The procedures for replacing undermount sinks are pretty straightforward. You do not need to be a professional to get on the job. Although, it can be easier having the right tools and some plumbing DIY experience. All the steps in the guide above are DIY-friendly.
However, if you encounter any difficulty, you may want to seek on-the-job advice from a professional. Regardless of your skill level, it would also help if you had one or two people assisting you. Besides easing the job, it will be less time-consuming.
Also, have someone around to help you pick tools and lift the countertop.
Absolutely, yes! Start by removing the p-trap and other plumbing connections from the sink. Following the processes described earlier, make a support for the sink.
Where you need to be careful is how you remove the clamps connecting the sink and the granite countertop. Loosen the clamp’s screw and sever the adhesive-joined edges.
Now have someone gently lift the granite countertop while you bring the undermount sink down through the cabinet. Follow the same approach in reverse to install the replacement sink. If you are careful, you won’t need an undermount sink replacement granite countertop.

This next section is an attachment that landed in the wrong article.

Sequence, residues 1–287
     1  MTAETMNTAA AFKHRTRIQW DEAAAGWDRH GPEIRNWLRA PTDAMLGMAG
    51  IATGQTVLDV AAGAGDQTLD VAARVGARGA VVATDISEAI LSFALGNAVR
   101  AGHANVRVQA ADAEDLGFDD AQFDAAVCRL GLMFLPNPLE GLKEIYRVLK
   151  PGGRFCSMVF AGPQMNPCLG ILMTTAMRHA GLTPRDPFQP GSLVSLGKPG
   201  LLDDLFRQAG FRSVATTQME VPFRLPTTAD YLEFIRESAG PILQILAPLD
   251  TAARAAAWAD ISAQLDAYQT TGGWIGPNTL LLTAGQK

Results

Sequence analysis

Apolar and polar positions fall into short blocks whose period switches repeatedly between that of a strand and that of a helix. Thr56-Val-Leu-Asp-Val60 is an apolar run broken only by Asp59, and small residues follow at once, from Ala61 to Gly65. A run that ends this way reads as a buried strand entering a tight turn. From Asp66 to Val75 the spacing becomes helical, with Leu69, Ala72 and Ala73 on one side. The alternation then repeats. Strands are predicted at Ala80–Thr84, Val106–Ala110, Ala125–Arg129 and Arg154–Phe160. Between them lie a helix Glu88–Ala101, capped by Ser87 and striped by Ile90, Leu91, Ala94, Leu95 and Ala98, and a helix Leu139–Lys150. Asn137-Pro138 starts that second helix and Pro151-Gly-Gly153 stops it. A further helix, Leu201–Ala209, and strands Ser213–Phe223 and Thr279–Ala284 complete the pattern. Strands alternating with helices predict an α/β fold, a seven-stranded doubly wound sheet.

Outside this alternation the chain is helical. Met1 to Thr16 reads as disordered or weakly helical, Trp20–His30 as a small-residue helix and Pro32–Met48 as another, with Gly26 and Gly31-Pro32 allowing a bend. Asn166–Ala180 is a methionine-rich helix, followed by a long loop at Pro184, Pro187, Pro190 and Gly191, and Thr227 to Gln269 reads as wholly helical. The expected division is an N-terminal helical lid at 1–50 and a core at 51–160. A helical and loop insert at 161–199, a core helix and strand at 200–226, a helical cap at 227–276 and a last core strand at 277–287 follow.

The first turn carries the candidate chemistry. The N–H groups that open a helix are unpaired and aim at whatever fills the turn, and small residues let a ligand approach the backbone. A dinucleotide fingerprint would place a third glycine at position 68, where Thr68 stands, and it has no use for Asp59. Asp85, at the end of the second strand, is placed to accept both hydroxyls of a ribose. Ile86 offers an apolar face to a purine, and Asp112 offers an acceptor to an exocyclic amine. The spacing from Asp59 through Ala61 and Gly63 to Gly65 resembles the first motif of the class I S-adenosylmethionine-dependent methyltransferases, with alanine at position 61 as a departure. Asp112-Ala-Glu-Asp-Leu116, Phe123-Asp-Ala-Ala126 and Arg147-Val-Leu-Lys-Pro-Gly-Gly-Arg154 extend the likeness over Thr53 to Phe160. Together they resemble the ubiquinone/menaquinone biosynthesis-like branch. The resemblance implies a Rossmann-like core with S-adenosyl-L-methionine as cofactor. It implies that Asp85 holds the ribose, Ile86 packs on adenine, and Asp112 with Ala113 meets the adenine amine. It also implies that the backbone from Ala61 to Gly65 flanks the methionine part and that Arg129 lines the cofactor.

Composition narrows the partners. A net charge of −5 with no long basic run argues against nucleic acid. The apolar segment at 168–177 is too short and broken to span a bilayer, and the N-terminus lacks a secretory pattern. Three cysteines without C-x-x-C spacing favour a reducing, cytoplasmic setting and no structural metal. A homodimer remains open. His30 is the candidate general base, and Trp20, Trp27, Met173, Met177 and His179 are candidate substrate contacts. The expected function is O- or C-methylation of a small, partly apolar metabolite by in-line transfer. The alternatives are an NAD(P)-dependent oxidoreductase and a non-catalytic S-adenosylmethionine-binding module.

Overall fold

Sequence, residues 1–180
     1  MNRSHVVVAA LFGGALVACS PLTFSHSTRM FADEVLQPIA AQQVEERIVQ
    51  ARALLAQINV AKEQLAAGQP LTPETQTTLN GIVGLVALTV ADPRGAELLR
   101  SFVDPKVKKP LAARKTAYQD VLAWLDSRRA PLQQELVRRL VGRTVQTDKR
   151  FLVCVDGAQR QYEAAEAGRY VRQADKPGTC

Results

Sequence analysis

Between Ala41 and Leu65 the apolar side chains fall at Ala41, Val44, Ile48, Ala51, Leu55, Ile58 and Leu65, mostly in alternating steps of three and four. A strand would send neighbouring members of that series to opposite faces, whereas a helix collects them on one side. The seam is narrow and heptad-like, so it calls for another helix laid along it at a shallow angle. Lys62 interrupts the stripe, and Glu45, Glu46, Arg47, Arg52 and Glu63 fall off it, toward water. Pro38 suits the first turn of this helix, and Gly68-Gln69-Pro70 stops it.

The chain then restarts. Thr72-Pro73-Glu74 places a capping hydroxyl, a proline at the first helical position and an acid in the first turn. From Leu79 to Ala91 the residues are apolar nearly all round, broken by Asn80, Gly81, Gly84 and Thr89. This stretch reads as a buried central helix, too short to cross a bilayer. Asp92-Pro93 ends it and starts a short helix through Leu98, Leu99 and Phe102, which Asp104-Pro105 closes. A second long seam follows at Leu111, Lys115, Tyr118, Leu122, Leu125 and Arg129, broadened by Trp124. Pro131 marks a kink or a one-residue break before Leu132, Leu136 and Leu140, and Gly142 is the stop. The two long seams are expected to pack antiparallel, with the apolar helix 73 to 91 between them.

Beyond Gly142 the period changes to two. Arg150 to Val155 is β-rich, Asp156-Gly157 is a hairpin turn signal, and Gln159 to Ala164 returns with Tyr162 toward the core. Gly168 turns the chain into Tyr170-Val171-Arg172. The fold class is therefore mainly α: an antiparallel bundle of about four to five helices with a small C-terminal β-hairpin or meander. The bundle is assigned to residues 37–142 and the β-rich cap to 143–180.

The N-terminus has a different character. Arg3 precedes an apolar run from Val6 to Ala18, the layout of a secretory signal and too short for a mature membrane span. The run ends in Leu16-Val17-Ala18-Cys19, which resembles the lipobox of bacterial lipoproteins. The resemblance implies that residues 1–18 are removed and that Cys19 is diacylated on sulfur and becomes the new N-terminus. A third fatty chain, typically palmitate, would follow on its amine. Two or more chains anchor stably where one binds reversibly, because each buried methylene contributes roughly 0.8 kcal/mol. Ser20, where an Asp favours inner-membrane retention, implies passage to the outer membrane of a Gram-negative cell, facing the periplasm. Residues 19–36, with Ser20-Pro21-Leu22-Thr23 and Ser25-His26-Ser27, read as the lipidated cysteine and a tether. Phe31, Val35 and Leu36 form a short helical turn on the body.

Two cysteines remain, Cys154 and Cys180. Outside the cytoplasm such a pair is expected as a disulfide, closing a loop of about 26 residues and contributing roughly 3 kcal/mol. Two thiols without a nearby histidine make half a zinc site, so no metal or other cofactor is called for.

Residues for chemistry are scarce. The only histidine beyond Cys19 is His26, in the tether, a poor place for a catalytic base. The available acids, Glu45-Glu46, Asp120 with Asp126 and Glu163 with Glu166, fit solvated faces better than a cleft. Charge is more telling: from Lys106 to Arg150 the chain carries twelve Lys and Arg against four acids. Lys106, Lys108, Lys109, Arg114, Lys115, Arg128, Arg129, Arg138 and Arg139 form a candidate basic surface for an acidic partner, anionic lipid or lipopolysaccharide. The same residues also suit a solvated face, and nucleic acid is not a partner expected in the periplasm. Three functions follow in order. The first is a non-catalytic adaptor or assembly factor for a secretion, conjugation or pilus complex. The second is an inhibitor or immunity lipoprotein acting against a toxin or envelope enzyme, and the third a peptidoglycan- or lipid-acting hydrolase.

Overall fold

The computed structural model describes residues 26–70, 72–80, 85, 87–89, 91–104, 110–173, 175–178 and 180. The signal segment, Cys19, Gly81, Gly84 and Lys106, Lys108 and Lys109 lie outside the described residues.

With some cuts in the cabinet, a farmhouse sink will make a suitable option for an undermount kitchen sink replacement.
However, there is a need to confirm that the cabinet is strong enough to carry the heavyweight of the new sinks. To provide enough structural support, you may need to install wooden support beneath the farmhouse sink.
The support will serve as a platform for the sink, so there won’t be too much load on the cabinet. Before ordering the new sink, measure the dimensions of the existing opening to know what size to shop for.
It is possible to replace an undermount sink without removing the countertop. But before getting into the DIY spirit, ensure you have the right tools.
Also, measure the existing opening ( length, width, and depth) before the new installation. This will give you an idea of what sink size will fit perfectly into the space.
Depending on the type of countertop, its size, and your expertise, you may need helping hands to lift the countertop while removing and replacing it.
Sometimes, seeking the input of an experienced DIYer or a professional can be necessary. It will help you make informed decisions and possibly adjust the guide to suit your project specifics.